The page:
connect to daily life. Good preaching can change lives, and we’re out to help
preachers do just that.”
The Working Web site has sections titled “Preaching This Week,”
“The Craft of Preaching,” “Culture and Context,” and “Lifelong Learning.”
For the week preceding the second Sunday of Easter, for example, the site
offered a commentary on the first reading by Matt Skinner, associate
professor of New Testament at Luther Seminary, and a commentary on the
second reading by Richard Jensen, emeritus professor of homiletics at the
Lutheran School of Theology at Chicago. The site also offered an article on
the pros and cons of the practice of having confirmands take sermon notes
by the Rev. Amy Thoren, associate pastor at Diamond Lake Lutheran Church
in Minneapolis, and an essay by one of the site’s four regular columnists, the
Rev. Kendra Mohn, associate pastor at Mt. Zion Lutheran Church, Wauwatosa,
Wisconsin. Another section announced two upcoming continuing education
courses at the seminary that preachers might find helpful.
Lose emphasizes that will not contain someone else’s
sermons. sermon outlines, or illustrations. “Our task is to make you a better
preacher, and that’s not going to happen by asking you to pretend someone
else’s stuff is your own,” he said.
The professor also stressed that the material on the Web site is new, created
for the site by selected contributors. It is not a repackaging of something that
has appeared elsewhere in print.
Lose concedes that at the start has been oriented to
provide text material that can be read. But he adds that the site will soon add
audio and video resources “that will knock your socks off” and it will also
become increasingly interactive.
A series of weekly video interviews with “some of the greatest preachers in
the country“ was scheduled to start prior to May 1, said Pastor Mary Brown.
The first was recorded with professor Charles Campbell of Columbia
Theological Seminary (Presbyterian) in Decatur, Georgia. Campbell is
president of the Academy of Homiletics.
Coming this summer, Brown added, are the first podcasts. These will feature
two or three Luther Seminary professors (and, in the future, one local pastor)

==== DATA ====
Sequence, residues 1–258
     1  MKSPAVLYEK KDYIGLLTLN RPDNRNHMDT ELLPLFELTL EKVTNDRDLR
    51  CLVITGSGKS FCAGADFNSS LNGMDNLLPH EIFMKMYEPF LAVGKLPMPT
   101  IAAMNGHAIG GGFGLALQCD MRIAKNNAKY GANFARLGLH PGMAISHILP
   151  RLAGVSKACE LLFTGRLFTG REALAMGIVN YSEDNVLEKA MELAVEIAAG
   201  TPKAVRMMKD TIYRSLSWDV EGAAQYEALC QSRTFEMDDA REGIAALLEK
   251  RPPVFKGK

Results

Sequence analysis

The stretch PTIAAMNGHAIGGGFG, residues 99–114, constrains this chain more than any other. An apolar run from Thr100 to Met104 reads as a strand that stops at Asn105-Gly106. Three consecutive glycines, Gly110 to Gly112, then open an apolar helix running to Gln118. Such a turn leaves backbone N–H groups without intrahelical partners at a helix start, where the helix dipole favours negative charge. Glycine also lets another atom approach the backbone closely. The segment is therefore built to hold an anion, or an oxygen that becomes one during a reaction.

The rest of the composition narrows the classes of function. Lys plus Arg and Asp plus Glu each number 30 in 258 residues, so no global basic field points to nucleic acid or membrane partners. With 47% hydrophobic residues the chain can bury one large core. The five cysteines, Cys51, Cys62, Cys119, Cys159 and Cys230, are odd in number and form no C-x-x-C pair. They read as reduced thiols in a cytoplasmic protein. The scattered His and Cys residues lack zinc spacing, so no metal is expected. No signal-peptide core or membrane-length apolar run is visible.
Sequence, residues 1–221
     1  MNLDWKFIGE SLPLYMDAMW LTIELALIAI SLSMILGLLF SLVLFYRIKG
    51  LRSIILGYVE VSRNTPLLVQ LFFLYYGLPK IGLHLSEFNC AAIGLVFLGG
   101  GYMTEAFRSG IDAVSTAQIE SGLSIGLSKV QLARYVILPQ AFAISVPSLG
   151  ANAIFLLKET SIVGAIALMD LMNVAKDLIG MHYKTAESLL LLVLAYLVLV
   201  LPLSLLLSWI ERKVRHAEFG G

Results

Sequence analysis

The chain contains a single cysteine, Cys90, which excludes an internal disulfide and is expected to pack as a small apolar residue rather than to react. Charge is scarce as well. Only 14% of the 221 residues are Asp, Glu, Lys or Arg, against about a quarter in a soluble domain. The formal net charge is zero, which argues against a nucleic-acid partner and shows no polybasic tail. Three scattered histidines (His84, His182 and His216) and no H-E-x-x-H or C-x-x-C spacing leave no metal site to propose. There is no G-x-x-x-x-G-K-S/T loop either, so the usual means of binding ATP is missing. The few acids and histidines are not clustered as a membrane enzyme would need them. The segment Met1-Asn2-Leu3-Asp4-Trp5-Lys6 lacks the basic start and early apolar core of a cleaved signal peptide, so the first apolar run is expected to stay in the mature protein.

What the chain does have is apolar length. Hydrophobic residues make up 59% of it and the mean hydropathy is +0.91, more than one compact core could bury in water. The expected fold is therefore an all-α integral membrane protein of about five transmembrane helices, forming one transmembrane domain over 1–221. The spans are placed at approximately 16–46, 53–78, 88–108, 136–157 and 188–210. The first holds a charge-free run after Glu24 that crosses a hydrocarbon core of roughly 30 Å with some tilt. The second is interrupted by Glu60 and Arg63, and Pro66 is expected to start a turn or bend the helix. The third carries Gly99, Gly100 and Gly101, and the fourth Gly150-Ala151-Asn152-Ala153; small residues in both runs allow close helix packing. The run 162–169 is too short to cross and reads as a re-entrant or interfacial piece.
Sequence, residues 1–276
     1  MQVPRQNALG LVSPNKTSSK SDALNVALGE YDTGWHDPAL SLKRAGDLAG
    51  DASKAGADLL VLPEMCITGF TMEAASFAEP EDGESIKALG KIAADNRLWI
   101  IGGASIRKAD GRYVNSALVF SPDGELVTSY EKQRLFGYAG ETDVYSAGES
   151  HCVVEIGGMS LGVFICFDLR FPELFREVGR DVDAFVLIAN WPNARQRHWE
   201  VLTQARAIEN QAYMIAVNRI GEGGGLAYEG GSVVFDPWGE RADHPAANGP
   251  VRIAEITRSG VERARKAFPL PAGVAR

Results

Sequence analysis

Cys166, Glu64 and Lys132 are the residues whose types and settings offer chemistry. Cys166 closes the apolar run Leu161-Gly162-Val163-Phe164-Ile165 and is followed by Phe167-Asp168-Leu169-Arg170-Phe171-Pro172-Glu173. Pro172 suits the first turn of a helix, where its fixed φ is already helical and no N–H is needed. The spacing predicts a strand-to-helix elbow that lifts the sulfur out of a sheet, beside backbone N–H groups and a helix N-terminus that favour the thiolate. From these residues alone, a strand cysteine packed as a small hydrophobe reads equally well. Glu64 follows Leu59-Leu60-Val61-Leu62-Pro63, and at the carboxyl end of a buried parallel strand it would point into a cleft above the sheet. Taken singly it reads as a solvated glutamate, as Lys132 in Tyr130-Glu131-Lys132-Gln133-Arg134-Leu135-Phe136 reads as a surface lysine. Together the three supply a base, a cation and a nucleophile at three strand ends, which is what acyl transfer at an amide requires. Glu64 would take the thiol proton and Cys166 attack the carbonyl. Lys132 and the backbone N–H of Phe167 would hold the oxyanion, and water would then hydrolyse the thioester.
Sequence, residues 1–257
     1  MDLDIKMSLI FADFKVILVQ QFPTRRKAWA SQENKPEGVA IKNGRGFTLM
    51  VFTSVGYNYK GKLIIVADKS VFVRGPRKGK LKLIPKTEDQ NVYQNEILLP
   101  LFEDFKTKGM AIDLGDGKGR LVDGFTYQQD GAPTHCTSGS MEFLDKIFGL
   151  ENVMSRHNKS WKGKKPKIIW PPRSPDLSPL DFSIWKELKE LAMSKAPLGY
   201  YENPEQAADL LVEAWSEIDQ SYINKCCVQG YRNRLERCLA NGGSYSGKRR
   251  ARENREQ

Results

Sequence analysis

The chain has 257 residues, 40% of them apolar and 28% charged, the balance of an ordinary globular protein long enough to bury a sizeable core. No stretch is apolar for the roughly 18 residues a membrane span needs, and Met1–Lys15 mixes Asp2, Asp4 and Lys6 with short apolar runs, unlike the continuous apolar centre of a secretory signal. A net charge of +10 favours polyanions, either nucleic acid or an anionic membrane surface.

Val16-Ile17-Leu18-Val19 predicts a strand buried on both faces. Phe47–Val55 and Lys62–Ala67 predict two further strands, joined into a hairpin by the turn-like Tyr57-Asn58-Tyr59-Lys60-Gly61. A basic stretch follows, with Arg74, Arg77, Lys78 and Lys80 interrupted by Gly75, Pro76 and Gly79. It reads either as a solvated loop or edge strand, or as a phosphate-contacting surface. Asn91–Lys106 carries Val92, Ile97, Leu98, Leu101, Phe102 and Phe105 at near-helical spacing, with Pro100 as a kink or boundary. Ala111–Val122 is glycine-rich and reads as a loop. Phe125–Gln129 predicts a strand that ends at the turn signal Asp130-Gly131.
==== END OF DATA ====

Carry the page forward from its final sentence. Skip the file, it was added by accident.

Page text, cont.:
discussing the lectionary texts for the week for about six minutes. The
podcasts will provide a supplement to the written commentaries already
Lose said the contributors to the Web site currently are “mostly seminary
teachers and pastors who hail from the traditions associated with the
Protestant Reformation of the 16th Century.” But he said that as the project
moves forward, Luther Seminary is committed to attracting more voices that
represent other strands of the Christian tradition, both in North America and
throughout the world. “Eventually, we expect to be a fully ecumenical,
diverse, and international group united by the Reformation conviction that
God uses good biblical preaching to change lives,” he said.
Pastor Brown describes the seminary’s decision to provide the new Web site
free of charge to the church at large as a “tremendous investment.” Lose said
the cost to develop and put the site into operation in the first year was more
than $100,000 and it will take close to $20,000 each year to keep it going.
But enthusiasm for the project runs high at the seminary.
Brown, the former parish pastor, calls it “the most rewarding work I’ve ever
done in the church.”
Lose calls Working “the Web’s newest, most helpful, and
downright coolest resource for preachers.”
That might sound like a big claim, he admits. But he adds: “I actually think it’s
true. And, to be frank, if it does sound like we’re biting off a lot to chew on
this small part of the Web, I think that’s okay. Because our ambitions for this
site run high. Really high.”